China Developing Pakistan’s PV Sector To Optimize Energy Structure

According to Majid, the goal of CPEC Phase II is to develop new technologies that will increase the efficiency and dependability of the energy sector.

China Developing Pakistan's PV Sector To Optimize Energy Structure

Pakistan is one of the nations most susceptible to the negative effects of climate change, so LONGi, a leading provider of solar solutions in China, has long been committed to developing the PV sector with local partners and optimising Pakistan’s energy structure.

According to Ali Majid, General Manager, Pakistan, LONGi Solar, we signed an MoU with the Government of Pakistan in July 2019 to invest in the development of a 50 MW solar power plant in Bahawalpur, Punjab, as our first step.

“Total shipments to Pakistan’s market would amount to about 1 GW this year based on the current overall production capacity of LONGi’s green energy projects there. Having developed the market over the past few years, I know that investment and awareness are both necessary to advance the field of solar energy and new energy in general,” “Majed continued.

According to CEN on Friday, Pakistan should promote investments in renewable energy infrastructure to the fullest extent possible, including public and private investment in large-scale solar farms as well as in more modest rooftop solar installations.

As for raising awareness, Majid suggested stepping up outreach to businesses, communities, and schools as well as public education campaigns about the advantages of green energy. Beyond that, we can increase spending in PV sector in Pakistan, on research and development of new PV technologies, like enhancing solar panels’ performance and efficiency as well as creating new materials and manufacturing techniques.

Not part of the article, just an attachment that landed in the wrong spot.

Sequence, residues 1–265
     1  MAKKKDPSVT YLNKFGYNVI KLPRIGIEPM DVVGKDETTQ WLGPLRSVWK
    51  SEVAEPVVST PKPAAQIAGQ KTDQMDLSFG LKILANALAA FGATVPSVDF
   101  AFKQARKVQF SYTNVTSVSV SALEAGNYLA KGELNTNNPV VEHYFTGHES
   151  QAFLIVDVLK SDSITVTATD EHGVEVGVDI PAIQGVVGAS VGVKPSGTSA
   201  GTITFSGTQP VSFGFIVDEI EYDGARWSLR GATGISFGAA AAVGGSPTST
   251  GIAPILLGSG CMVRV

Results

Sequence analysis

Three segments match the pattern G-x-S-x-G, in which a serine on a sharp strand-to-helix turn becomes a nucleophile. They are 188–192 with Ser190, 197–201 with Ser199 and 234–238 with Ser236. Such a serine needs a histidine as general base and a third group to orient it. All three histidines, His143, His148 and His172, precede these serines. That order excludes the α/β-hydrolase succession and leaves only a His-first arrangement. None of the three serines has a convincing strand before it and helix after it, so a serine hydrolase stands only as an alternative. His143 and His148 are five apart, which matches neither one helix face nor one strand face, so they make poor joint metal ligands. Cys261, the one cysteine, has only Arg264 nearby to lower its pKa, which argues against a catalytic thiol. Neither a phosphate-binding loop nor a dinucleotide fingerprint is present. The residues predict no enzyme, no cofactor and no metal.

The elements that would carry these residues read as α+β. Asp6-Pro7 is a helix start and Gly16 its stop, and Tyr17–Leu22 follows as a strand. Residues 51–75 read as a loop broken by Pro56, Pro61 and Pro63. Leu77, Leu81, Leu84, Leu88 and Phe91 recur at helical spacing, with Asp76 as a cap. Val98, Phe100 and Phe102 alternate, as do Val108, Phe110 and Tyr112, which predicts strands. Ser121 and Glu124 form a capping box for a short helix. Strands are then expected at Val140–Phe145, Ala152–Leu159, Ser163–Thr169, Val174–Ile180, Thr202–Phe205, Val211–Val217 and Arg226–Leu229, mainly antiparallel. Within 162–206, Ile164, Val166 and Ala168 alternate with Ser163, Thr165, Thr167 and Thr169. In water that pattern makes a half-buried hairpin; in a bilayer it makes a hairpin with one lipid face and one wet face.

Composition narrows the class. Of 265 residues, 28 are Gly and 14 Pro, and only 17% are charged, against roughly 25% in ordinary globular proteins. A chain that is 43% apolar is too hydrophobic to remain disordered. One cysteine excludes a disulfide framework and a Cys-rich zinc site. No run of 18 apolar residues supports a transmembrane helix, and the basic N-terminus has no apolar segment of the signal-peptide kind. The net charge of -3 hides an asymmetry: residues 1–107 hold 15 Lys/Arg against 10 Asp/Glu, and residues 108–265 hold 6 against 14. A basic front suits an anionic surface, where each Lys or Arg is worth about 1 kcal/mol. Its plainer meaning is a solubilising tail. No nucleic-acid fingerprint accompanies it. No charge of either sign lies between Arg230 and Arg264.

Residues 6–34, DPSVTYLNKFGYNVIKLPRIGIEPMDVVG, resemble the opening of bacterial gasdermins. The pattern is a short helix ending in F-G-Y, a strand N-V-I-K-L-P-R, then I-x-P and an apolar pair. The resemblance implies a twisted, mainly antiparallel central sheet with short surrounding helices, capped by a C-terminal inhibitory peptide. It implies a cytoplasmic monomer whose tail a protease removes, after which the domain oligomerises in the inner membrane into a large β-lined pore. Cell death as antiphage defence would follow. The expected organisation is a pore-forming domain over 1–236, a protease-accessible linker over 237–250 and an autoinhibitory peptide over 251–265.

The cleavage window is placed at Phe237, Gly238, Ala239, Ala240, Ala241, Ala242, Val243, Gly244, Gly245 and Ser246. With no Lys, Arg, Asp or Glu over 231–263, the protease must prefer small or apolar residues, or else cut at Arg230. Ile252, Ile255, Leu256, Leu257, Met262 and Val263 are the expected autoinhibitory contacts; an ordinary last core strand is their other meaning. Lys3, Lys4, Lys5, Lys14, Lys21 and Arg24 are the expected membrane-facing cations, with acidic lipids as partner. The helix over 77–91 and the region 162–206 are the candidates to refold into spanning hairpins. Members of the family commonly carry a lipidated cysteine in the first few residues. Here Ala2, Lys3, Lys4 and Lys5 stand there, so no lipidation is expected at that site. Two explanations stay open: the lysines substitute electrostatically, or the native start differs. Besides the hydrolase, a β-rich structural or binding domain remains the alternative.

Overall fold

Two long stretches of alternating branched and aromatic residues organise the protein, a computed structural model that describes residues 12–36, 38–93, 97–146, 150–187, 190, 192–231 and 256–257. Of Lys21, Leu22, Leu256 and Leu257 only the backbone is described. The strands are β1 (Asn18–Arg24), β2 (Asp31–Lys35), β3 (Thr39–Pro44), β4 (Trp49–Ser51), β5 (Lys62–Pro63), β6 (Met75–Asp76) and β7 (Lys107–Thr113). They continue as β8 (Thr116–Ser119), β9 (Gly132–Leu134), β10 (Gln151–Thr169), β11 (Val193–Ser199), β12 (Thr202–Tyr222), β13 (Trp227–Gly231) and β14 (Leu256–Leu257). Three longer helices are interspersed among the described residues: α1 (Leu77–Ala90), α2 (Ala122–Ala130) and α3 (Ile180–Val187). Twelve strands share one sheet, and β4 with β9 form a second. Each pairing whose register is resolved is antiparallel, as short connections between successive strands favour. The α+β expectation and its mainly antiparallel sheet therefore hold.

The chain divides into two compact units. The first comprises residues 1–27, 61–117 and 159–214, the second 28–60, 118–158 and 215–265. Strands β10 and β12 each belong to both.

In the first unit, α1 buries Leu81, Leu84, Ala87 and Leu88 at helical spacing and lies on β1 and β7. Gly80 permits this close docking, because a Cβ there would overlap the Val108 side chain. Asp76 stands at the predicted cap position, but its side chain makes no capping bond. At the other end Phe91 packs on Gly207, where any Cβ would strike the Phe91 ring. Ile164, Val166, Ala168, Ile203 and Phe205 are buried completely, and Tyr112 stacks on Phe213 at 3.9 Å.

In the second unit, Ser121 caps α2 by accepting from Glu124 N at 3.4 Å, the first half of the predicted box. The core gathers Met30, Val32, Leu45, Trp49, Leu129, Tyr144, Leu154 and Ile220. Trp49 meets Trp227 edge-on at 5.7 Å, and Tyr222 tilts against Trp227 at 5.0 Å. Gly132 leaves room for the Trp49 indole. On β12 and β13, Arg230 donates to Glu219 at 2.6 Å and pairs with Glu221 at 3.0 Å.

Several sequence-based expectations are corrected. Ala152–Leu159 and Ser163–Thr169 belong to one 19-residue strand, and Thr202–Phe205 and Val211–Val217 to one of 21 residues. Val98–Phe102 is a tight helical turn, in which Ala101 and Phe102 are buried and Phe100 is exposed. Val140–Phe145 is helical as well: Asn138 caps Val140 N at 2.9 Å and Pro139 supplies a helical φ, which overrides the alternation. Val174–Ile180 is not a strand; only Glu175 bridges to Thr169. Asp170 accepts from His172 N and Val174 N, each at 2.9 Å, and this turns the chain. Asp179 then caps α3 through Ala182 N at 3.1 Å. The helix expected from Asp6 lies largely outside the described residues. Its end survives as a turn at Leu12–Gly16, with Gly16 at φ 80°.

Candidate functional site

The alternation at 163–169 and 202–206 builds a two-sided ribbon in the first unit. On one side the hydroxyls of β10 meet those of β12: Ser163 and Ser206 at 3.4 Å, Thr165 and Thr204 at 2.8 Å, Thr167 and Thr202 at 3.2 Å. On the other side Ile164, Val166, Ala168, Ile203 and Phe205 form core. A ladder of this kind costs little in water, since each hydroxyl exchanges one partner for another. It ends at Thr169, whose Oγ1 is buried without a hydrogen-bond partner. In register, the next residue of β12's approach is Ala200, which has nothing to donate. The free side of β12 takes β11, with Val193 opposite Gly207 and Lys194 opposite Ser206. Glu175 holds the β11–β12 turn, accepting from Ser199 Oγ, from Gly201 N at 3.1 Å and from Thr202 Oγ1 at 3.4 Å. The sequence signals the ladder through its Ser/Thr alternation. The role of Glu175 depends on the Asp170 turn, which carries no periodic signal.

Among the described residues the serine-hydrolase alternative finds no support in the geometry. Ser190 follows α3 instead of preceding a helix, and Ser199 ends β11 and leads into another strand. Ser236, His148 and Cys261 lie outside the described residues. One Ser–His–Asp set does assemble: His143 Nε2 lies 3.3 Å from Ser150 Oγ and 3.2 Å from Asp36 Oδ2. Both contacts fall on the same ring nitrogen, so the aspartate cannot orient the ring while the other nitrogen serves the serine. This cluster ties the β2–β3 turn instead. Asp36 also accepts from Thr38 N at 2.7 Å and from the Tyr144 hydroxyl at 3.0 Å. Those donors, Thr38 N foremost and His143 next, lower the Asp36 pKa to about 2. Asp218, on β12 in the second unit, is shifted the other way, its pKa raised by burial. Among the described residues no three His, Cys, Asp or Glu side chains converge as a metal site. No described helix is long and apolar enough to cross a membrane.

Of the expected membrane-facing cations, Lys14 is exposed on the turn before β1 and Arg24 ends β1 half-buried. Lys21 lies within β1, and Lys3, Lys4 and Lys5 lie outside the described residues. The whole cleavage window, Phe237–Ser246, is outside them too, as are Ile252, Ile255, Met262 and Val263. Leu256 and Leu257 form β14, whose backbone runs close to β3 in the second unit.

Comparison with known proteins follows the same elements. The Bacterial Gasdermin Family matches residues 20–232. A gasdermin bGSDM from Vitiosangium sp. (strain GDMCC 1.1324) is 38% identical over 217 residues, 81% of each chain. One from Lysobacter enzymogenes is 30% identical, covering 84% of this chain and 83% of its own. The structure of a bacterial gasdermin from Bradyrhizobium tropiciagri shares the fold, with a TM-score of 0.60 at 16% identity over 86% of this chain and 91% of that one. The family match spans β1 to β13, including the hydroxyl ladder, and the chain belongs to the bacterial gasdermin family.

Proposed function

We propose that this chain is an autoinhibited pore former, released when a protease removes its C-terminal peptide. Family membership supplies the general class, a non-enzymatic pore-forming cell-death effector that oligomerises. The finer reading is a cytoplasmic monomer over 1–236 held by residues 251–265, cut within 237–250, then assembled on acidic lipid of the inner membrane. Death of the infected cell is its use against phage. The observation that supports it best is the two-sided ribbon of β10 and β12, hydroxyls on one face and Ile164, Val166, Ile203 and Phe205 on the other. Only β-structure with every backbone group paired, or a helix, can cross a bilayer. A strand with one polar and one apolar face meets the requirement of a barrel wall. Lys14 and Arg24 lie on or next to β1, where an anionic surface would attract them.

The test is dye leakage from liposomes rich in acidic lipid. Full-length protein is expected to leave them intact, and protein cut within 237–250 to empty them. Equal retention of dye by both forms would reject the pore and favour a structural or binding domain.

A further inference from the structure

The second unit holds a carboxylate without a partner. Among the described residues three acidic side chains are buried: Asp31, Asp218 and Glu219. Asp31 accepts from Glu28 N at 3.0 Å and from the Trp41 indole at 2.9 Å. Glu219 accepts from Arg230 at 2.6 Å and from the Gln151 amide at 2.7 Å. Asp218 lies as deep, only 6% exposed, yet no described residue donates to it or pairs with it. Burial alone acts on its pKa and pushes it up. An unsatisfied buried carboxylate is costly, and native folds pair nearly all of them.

The International Energy Agency (IEA) refers to the current situation as “the first real global energy crisis” because geopolitical conflicts are to a large extent to blame for the contradictions between the supply and demand of energy on a global scale.

The global photovoltaic market is booming in an effort to resolve the contradiction. China is a significant demand market, with an average annual growth rate of 59%. According to Alex Li, General Manager of LONGi’s Central Asia branch, “the new installed capacity of photovoltaics in the world is expected to exceed 350 GW in 2023,” according to demand forecasts from significant consulting firms.

It has been discovered that high costs have made it extremely difficult for the world to respond jointly to the energy crisis. For instance, a lack of fresh water is a major problem in the vast desertification areas of the Middle East.

The main challenge is the rise in costs brought on by seawater desalination. According to Alex Li, PV is epoch-making because it will not be difficult to go green on a large scale if there is enough fresh water. Since solar energy doesn’t require any resources and the sun shines on everyone equally, Alex Li believed that photovoltaics could indeed alter the ecology of our planet.

“We have always sought to find a way to convert fair sunlight into energy that benefits everyone.” Both the Belt and Road Initiative and the China-Pakistan Economic Corridor are celebrating their tenth anniversaries this year.

According to Majid, the goal of CPEC Phase II is to develop new technologies that will increase the efficiency and dependability of the energy sector. Examples of these technologies include energy storage and smart grid systems. LONGi and other new energy companies are likely to be instrumental in fostering the use of renewable energy in Pakistan and possibly South Asia as a whole.

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